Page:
Here is the official website of The University of Computer Studies Yangon. You can fnd out about the university, courses, conferences, research, and current news. Not a bad one for a Myanmar University website. There is also an alumni website too with a forum.

Wednesday, June 14, 2006

SUSHI

SUSHI

I stumble upon this blog recently. A very nice blog of a Myanmar (Burmese) from Thaiwan. Informatiove articles. Recommended.

NYI LYNN SECK: Kone Baung Shin Tan


NYI LYNN SECK: Kone Baung Shin Tan
A brief review of this book at Nyi Lynn Seck's blog. Read it there.

Back from Chiang Mai

Finally I am back from Chiang Mai, and in a few days, back to Myanmar (Burma). Chiang Mai is quite a lovely town with near by mountains. They say there is no trafic congestion in Chiang Mai, but it turns out Chiang Mai also has a lot of traffic congestion, even on Saturday and Sunday. But the air is cleaner and the streets and roads are also cleaner than in Bangkok which is quite hot, humid, noisy, polluted and dirty. I like Chiang Mai better than Bangkok.

Rules of the Lab

This one is from Jokes for All.

Rules of the lab


1) If an experiment works, something has gone wrong.
2) When you don't know what you're doing, do it neatly.
3) Experiments must be reproduceable, they should fail the same way each time.
4) First draw your curves, then plot your data.
5) Experience is directly proportional to equipment ruined.
6) Always keep a record of your data. It indicates that you have been working.
7) To do a lab really well, have your report done well in advance.
8) If you can't get the answer in the usual manner, start at the answer and derive the question.
9) In case of doubt, make it sound convincing.
10) Do not believe in miracles--rely on them.
11) Team work is essential, it allows you to blame someone else.
12) All unmarked beakers contain fast-acting, extremely toxic poisons.
13) No experiment is a complete failure. At least it can serve as a negative example.
14) Any delicate and expensive piece of glassware will break before any use can be made of it.

Tuesday, June 13, 2006

A Poem by Htoo Eain Thin

Thanks the site admin for giving permission to use this picture and poem.

Monday, June 12, 2006

Some Quotable Quotes

"The war we have to wage today has only one goal and that is to make the world safe for diversity."

U Thant, Burma, Secretary-General
On international tolerance, Dag Hammarskjöld Memorial Lecture, Columbia University, quoted in NY Times 8 Jan 64

"I don’t like to be disturbed at home; I tell the cable office not to call me before 6:30 AM, unless there’s a war."
U Thant, Burma, Secretary-General
On beginning his ninth year as Secretary-General, ib 3 Nov 69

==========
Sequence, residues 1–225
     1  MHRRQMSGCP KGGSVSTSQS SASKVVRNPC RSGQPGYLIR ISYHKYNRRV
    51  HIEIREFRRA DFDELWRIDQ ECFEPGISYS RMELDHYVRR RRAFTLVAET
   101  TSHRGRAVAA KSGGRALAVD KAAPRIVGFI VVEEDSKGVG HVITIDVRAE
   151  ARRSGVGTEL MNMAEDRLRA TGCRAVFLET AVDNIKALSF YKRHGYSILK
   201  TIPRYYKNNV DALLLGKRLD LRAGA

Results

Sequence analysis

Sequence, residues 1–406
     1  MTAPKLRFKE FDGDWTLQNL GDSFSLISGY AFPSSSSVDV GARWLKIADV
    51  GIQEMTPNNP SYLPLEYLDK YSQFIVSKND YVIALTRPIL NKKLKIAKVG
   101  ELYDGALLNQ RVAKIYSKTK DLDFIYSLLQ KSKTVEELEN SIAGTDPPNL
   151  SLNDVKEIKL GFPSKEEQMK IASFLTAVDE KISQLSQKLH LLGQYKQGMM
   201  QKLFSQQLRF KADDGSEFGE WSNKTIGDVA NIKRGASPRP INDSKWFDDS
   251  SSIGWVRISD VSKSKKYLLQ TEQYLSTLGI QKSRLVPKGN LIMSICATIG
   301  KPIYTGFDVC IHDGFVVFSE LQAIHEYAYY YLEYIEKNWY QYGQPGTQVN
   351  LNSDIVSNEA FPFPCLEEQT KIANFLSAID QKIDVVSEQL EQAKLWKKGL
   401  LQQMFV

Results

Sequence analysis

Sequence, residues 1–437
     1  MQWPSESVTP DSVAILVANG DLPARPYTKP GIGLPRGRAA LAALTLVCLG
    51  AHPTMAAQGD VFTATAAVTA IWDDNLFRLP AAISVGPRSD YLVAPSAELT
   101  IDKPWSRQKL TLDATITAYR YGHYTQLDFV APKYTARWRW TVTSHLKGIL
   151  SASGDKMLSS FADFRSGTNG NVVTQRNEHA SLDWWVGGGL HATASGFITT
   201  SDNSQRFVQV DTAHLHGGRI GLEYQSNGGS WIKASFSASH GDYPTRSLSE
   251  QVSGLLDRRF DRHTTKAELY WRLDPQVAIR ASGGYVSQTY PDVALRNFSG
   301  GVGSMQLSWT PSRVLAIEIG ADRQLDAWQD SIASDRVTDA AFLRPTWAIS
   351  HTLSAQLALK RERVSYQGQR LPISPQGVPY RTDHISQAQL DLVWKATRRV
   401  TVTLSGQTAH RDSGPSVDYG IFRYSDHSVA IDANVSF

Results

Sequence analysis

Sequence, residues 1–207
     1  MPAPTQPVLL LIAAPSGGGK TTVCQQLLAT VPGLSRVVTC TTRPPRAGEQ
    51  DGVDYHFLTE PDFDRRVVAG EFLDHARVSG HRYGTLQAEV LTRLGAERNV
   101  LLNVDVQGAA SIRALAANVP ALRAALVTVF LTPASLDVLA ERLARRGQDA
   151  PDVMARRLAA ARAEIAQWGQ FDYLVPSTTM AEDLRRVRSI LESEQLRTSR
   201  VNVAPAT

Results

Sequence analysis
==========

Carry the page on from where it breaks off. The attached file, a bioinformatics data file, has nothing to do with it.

"If you’ve got it, wear it."
Louis Mountbatten, 1st Earl Mountbatten of Burma
Advice to Prince Charles on use of royal insignia and other medals, quoted by Stephen Barry Royal Secrets Villard 85

When I am dead

Here is one of my all time favourite poems.

When I am Dead, My Dearest

by Christina Georgina Rossetti
(1830-1894)



When I am dead, my dearest,
Sing no sad songs for me;
Plant thou no roses at my head,
Nor shady cypress tree:
Be the green grass above me
With showers and dewdrops wet;
And if thou wilt, remember,
And if thou wilt, forget.


I shall not see the shadows,
I shall not feel the rain;
I shall not hear the nightingale
Sing on, as if in pain:
And dreaming through the twilight
That doth not rise nor set,
Haply I may remember,
And haply may forget.

Nyein Chan's Blog

Recently, one blog has come to my attention. Here is an excerpt from his interesting blog. It is in Myanmar (Burmese) and the articles are quite interesting, both content and style.

06.06.06

06.06.06 လို႔ အတိုေရးလို႕ရတဲ့ ဒီေန႔ေလးကို မနက္ကေရဒီယိုကေျပာမွပဲ သတိထားမိတယ္။ Old Man
The Omen (thanks tekong) ဆိုတဲ့ ႐ုပ္႐ွင္ထဲမွာ ေစတန္နတ္ဆိုး၀င္စားက
ဒီေန႕မွာေမြးတာတဲ့။ ဒါေၾကာင့္ တစ္ခ်ိဳ႕က ဒီေန႕မွာ ကေလး မေမြးလိုဘူး ဆိုဘဲ။
စင္ကာပူက မိဘေတြကို လိုက္ဗ်ဳးၾကည့္ေတာ့ မသိလို႔ထင္ပါရဲ့။ ဘယ္သူကမွ
မလိုလားဟန္ မျပၾကဘူး။ ေမြးၿပီးမွ သိေတာ့လဲ ဗိုက္ထဲျပန္သြင္းလို႔ရတာႀကီးမွ
မဟုတ္ဘဲေနာ့။


ေမာင္ၿငိမ္းခ်မ္းစိတ္၀င္စားတာက
အသံလႊင့္ သမားရဲ့ အေျပာေလးပါ။ 06.06.06 ဆိုတာ ဒီရာစုႏွစ္မွာ
တစ္ရက္ဘဲ႐ွိပါတယ္တဲ့။ နင့္ …ကလႊားတဲ့။ ဘယ္ေန႕မဆို ဒီရာစုႏွစ္မွာ
တစ္ရက္ဘဲ႐ွိတာပဲမဟုတ္လား။ 07.06.06 ကေရာ။ 11.07.06 ကေရာ။ 25.12.06 ကေရာ။
01.01.07 ကေရာ။ တစ္ရက္စီဘဲ႐ွိတာမဟုတ္လား။
ဒီေလာကမွာ ေန႔စြဲႏွစ္ရက္ထပ္တူမ်ား ႐ွိလို႕လားဟယ္…။

Please visit Nyein Chan's Blog here.

Tuesday, June 06, 2006

Old Yangoon (Rangoon) in 1912


Here is another map showing Rangoon in 1912. The map is bigger and clearer. Please click the map to see full size.

Old Yangoon (Rangoon) in 1914

Here is what Rangoon (Yangon) was look like in 1914. Yes, this is not a photo, this is a map! An old map showing the area of then Rangoon. Royal lake is the Kandawgyi, and the area marked in yellow is the Cantonment. You can see that Rangoon then was just the downtown area and around Kandawgyi Lake. Click on the image to view at large size.

Irrawaddy Dolphin